“When it comes to wedding planning, I am such a planner and I do micromanage – I’ve worked in healthcare for eight years so it’s just what I do naturally. Tom is so laid back he might as well be a sloth, we’re total yin and yang. We’re having a communal wedding at Wrekin Forest School, in the woods on the campsite with sunflowers and daisies as the theme – we’re more at home in nature than anywhere else. We’re having 150 guests and we decided to wait because we have big families and didn’t want to cap our guests because of COVID. For our honeymoon we are going to go to Canada so Tom can watch the Hockey opening season. And I get to see all the wildlife too.
“We’re sourcing everything from local businesses and we’re having a chocolate fudge cake with Krispy Kreme doughnuts at the bottom – Tom’s favourite – and a handmade wooden carving for the top. Tom’s obsessed with ice hockey and the cake decoration is me dragging him away when he’s playing. Tom’s doing the food and music – he likes Beach Boys and our first dance is God Only Knows which is something his Grandad George listened to as well.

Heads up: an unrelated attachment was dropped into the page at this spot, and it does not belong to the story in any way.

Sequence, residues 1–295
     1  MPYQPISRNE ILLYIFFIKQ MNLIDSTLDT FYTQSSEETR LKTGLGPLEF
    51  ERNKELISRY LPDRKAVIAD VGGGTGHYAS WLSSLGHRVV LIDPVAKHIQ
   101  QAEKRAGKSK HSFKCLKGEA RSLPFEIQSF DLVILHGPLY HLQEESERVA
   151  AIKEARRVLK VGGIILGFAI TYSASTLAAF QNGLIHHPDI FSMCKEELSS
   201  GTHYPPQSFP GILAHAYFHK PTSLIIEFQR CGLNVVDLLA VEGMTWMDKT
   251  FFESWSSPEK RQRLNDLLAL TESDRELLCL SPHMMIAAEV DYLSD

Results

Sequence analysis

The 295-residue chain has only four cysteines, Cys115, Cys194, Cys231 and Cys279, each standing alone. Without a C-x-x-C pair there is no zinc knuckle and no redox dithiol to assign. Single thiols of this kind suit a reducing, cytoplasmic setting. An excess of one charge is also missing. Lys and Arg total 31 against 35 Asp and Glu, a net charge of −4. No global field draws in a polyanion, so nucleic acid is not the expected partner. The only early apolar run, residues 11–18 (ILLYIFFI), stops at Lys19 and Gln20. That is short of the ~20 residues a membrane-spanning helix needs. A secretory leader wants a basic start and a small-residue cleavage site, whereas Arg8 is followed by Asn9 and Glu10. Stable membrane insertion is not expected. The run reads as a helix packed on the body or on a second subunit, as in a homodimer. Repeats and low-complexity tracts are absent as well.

“At our wedding we’re going to have a big table in honour of Tom’s Grandad George. Tom looks at his grandad as such a role model, and actually he embodies him. He is all about consideration for others and doing what’s right. I never met Grandad George but when you walk into Tom’s mum’s house there is a family wall and Grandad George is heavily featured there. Everyone still talks about him.
“Tom comes from a big, blended family. Trisha is his step-mum but mum and is from a big Scouse family. Apparently when Tom was about eight, Craig, Tom’s dad, turned up at Trisha’s for coffee and never left. That was it.
“Trisha’s dad, Grandad George, was a huge source of comfort and safety to Tom. All the kids would waste days away with Grandad George and go round a lot after school and watch football. He was a big man, and he had his special seat, and the kids would jump into the seat, and he would boom, “How dare you” and throw them off. They loved him. George was a very loving man, who supported all the kids. It was just the man that he was. He was a man you wanted to be around.
“When Grandad George got ill, Nan Kath looked after him at home with all the aunties going in regularly. He didn’t want to be in the hospital. Then when he needed more help, he was on the hospice ward for a few weeks, and they were massively supportive in the palliative stages of his life. The family were in and out of the ward and when they speak about Severn Hospice it brings tears to my eyes, they made such a difference at a horrible time.